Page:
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From microwave... to 4 axes CNC controller

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petcnc

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I have SIEG X2 PLUS mini mill that I have converted to CNC (full story here). For the electronics part I made a 3 axis cnc controller for it using a Chinese 3 axis “all in one” PCB that worked flawlessly for years (full story here). As I considered it a temporary solution I decided to build something more robust and reliable to upgrade my 3 axes machine to a 4 axes one.
I ordered the electronic parts for it. That was 4 DQ542MA controllers capable of handling 18 to 50VDC @ 4 Amps for $30 each

dq542ma.jpg
And I also got a DB-25 BoB (Breakout Board) for free with my order.

BOB.jpg

Next I needed a box to place them in together with the transformer and wiring.
As I do not own (yet) a metal sheet bender I thought I must use something readymade, convert it and make a box out of it. The best candidate I found was my old broken microwave that donated the cover for the job.

Box.jpg

It could be used as the base of the box but it was too large. It was easy though to make it smaller by cutting and riveting it. First I marked it.

BoxMarked.jpg

Then I cut it.

BoxCut.jpg

Then I riveted it and made it smaller. Now the parts fit inside it nicely.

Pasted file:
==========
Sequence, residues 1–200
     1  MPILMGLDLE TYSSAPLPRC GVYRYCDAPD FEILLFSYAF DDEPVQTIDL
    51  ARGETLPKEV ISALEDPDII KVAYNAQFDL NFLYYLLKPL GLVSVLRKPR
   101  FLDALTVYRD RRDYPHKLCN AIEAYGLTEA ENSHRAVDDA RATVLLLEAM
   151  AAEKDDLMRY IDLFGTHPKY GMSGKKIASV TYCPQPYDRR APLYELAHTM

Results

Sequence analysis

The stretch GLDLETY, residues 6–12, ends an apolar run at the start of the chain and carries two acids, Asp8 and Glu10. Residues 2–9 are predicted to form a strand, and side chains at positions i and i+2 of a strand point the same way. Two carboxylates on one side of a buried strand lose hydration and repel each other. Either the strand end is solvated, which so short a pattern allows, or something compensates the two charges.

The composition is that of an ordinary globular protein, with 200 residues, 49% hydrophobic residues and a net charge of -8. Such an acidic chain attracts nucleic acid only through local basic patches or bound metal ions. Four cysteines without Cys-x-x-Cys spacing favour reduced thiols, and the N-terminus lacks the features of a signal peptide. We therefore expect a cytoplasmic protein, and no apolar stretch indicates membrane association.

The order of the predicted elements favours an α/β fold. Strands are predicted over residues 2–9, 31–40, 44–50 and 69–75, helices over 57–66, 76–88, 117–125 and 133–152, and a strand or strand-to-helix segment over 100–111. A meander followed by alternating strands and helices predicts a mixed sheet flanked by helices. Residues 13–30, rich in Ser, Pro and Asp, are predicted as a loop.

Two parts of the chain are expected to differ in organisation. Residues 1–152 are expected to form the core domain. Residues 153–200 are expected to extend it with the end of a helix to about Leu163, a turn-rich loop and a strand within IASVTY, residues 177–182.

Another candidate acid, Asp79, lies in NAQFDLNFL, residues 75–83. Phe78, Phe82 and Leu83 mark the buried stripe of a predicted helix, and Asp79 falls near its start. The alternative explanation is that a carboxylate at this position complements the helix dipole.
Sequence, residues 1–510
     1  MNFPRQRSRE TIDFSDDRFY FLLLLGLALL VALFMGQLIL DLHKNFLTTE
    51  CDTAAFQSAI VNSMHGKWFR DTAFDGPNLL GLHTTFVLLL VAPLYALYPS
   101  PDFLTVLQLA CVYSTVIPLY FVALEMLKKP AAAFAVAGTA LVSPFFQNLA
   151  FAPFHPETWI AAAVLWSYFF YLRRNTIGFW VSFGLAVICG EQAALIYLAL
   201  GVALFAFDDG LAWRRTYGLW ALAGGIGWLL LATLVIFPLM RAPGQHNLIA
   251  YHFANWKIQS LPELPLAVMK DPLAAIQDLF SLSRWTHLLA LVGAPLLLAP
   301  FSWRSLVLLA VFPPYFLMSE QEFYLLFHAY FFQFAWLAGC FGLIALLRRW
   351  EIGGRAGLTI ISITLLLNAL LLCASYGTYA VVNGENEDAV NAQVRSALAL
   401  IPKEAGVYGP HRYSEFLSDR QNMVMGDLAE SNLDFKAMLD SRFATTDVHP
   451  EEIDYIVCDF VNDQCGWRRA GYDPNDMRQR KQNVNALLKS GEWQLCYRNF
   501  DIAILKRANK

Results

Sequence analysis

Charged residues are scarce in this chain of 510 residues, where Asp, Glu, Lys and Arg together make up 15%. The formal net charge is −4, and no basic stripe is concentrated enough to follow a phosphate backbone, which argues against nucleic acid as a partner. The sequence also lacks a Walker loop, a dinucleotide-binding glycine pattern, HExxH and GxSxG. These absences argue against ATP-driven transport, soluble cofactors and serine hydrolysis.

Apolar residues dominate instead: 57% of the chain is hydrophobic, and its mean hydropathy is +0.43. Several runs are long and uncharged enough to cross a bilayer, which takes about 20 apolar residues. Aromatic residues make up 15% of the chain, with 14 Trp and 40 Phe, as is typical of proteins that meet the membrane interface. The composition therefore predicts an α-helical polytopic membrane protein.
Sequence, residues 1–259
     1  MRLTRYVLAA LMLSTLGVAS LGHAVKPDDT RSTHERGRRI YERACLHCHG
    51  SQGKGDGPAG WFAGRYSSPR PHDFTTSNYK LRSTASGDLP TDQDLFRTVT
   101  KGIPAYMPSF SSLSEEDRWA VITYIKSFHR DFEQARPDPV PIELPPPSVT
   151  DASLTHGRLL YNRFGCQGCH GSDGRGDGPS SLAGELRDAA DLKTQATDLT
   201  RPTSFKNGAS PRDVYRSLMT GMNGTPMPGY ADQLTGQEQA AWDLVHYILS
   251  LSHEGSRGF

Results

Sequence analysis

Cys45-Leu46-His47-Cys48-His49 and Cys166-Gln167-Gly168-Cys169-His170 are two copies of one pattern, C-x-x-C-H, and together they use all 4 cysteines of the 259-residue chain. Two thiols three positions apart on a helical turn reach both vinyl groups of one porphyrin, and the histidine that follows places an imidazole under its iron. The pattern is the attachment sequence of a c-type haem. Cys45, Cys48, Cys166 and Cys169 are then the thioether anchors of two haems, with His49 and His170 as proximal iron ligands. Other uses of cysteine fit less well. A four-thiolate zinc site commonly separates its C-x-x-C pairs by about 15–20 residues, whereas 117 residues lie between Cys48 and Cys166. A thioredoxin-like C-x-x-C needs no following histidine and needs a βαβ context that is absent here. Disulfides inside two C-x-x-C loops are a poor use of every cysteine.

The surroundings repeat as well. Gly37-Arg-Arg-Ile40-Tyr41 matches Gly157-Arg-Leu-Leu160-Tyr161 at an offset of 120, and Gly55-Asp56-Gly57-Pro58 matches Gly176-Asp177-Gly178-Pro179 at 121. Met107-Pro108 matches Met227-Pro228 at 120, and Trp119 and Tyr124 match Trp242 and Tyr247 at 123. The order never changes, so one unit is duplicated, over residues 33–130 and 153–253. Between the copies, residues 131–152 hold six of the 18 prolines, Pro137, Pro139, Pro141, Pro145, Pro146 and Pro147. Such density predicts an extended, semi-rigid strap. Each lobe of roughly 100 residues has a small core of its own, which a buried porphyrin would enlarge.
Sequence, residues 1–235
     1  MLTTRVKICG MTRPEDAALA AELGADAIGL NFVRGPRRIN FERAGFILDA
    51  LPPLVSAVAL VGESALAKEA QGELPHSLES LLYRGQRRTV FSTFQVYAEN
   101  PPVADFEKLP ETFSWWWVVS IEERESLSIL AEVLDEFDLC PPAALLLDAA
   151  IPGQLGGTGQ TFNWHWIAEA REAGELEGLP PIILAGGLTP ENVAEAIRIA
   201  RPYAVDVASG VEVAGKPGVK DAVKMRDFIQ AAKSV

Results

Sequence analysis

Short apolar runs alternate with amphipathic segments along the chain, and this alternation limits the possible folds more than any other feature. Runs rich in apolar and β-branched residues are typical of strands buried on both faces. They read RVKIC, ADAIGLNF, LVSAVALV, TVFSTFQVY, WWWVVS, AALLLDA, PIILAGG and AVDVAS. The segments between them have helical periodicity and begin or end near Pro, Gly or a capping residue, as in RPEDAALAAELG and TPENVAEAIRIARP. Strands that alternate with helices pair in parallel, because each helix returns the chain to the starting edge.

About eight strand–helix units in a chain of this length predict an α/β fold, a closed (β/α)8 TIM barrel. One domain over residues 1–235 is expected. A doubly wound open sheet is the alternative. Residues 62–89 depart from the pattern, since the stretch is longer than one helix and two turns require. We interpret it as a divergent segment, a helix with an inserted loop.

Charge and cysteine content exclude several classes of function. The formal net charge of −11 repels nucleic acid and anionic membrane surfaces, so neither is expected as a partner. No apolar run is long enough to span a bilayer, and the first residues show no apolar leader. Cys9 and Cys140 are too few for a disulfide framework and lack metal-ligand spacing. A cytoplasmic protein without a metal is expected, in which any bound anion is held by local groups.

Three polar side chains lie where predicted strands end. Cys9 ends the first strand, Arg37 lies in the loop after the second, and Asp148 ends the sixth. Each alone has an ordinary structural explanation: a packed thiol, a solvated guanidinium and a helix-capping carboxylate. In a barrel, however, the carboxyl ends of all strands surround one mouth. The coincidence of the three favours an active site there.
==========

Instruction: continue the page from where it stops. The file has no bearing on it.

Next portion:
BoxInside.jpg

You noticed that I used two transformers. This served the purpose of using parts I already own. In that case instead of buying a single transformer that could give me 30V @ 6A I used two 28 V 2.8A transformers that I had, connected in parallel to get the 5.6 Amps I needed.

Trafos.jpg

A few gadgets, switches and connectors needed to the front of the box.

BoxOutsideFront.jpg

All these needed holes, openings and, as you noticed, a nice grille (from the donor microwave) for cooling.

BoxInsideFront1.jpg

Now all parts fit in place and a mains fan (from the donor microwave) provides the air circulation needed for long life of all the components.

PartsPlacement.jpg

And now it is time for the wiring!!!

wiring2.jpg

For power lines to and from the controllers I used thick cables and for the signals thin telephone wires.

Wiring4.jpg

To make the box stronger two side bars were riveted to front and back panels. Two shop made handles provided easier handling and rubber feet made it standing nicely.

HandlesSidebarsFeet.jpg

It was time for a cover. As I do not own a sheet bender (I already stated that didn’t I?) I used simple tools to get the job done. Two steel bars, my vise and a few C clamps to make the cover from a copper sheet that I had.
First the edges were bent and folded to have a smooth finish to the exposed sides (front and back).

CoverConstruction0.jpg

Next the parts that goes under the box.

CoverConstruction3.jpg

An finally the sides.

CoverConstruction4.jpg

The cover was ready.

CoverConstruction5.jpg

It fits nicely to the box.

CoverFinished1.jpg

And makes it very shiny and "professional".

CoverFinished2.jpg

Time to connect it to the mill.

InPlace.jpg

And to the computer.

InPlace1.jpg

It works flawlessly!

Thanks for reading.

Petros
 
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